- Richard Gere in Internal Affairs (1990)- In this film, Gere's portrayal of a charming but dangerously corrupt cop made it worth viewing as he had a battle of wits with an Internal Affairs agent (Andy Garcia) who was eager to bring him down. As the movie went on, Gere slowly dropped the veil on Dennis Peck's violent tendencies and desire to come out on top. This led to the explosive climax between Garcia and Gere that would leave only one of them standing.
- Willem Dafoe in White Sands (1992)- In this relatively lightweight noir thriller, Dafoe played a sheriff named Ray Dolezal who stumbled on a big government case by chance. He found a dead body in the desert and assumed the victim's identity to get to the bottom of things. What he didn't anticipate was that he would be lucky to solve this case and stay alive in the process. Sure, the movie didn't offer anything new in the way of storytelling and predicting who would make it out alive and who would get was coming to them. It was just interesting to see Dafoe shy away from his usually unnerving performances as a villain or a man becoming more and more unhinged as the story went on. With this movie, he played the straight man in a room full of colorful characters. It was a refreshing change of pace. He should do it more often.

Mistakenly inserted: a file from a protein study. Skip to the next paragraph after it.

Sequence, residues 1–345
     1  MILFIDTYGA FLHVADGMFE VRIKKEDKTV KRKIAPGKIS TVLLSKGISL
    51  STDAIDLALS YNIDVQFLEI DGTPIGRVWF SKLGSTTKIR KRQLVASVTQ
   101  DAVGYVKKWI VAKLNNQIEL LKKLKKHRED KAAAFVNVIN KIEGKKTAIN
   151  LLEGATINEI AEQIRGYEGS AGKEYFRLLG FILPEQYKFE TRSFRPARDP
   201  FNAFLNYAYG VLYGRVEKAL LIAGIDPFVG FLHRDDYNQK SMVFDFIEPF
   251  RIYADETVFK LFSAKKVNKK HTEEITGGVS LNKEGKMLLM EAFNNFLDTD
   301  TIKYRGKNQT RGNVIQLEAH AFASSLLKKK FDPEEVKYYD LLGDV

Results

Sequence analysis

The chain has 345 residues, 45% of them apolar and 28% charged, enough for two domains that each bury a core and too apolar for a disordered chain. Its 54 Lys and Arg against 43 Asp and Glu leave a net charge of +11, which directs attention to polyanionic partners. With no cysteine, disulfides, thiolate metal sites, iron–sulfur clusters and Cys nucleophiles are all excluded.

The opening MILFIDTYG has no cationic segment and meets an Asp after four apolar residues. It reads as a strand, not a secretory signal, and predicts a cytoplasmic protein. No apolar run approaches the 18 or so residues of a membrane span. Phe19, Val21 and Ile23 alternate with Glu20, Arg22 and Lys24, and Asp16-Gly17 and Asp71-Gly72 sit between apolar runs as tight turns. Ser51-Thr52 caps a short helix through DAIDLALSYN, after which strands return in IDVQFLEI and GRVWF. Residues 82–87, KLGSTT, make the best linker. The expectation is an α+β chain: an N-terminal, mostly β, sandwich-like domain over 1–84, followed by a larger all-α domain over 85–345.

- Pierce Brosnan in The Tailor of Panama (2001)- When it comes to roles, Brosnan was best known for portraying James Bond. Like the other actors before and after him, Brosnan was typecast as playing a charming Englishman who could flash a grin and make ladies melt. In this 2001 flick, he played Andy Osnard, a British spy with a ruthless streak a mile wide. Osnard was sent to Panama as punishment for a past indiscretion. While, there, he blackmailed a local tailor (Geoffrey Rush) in Panama to give him government secrets he could have access to. Osnard carefully inserted himself into the tailor's life as he tried to flirt with his unaware wife (Jamie Lee Curtis). Osnard was so desperate for intel that he didn't realize that the tailor was feeding him nothing but fiction. Brosnan made Osnard the right balance between villain and anti-hero that audiences almost feel sorry for him when his supposed hard work goes up in smoke by the time the end credits rolled.
In the end, some actors and actresses are just meant to play a certain role in romantic comedies or action films. It's not a crime to find your niche in Hollywood and just stay in that lane. Some performers are meant to win Oscars, while others are meant to win at the box office. Taking a professional risk simply meant that a celebrity was willing to do more than coast on their good looks and charm. Look how it turned out for Matthew McConaughey. He tried to hone his craft and won an Oscar for his efforts. It's not impossible, but with the right amount of planning and working a different type of professional success could be within reach for almost any celebrity looking for longevity.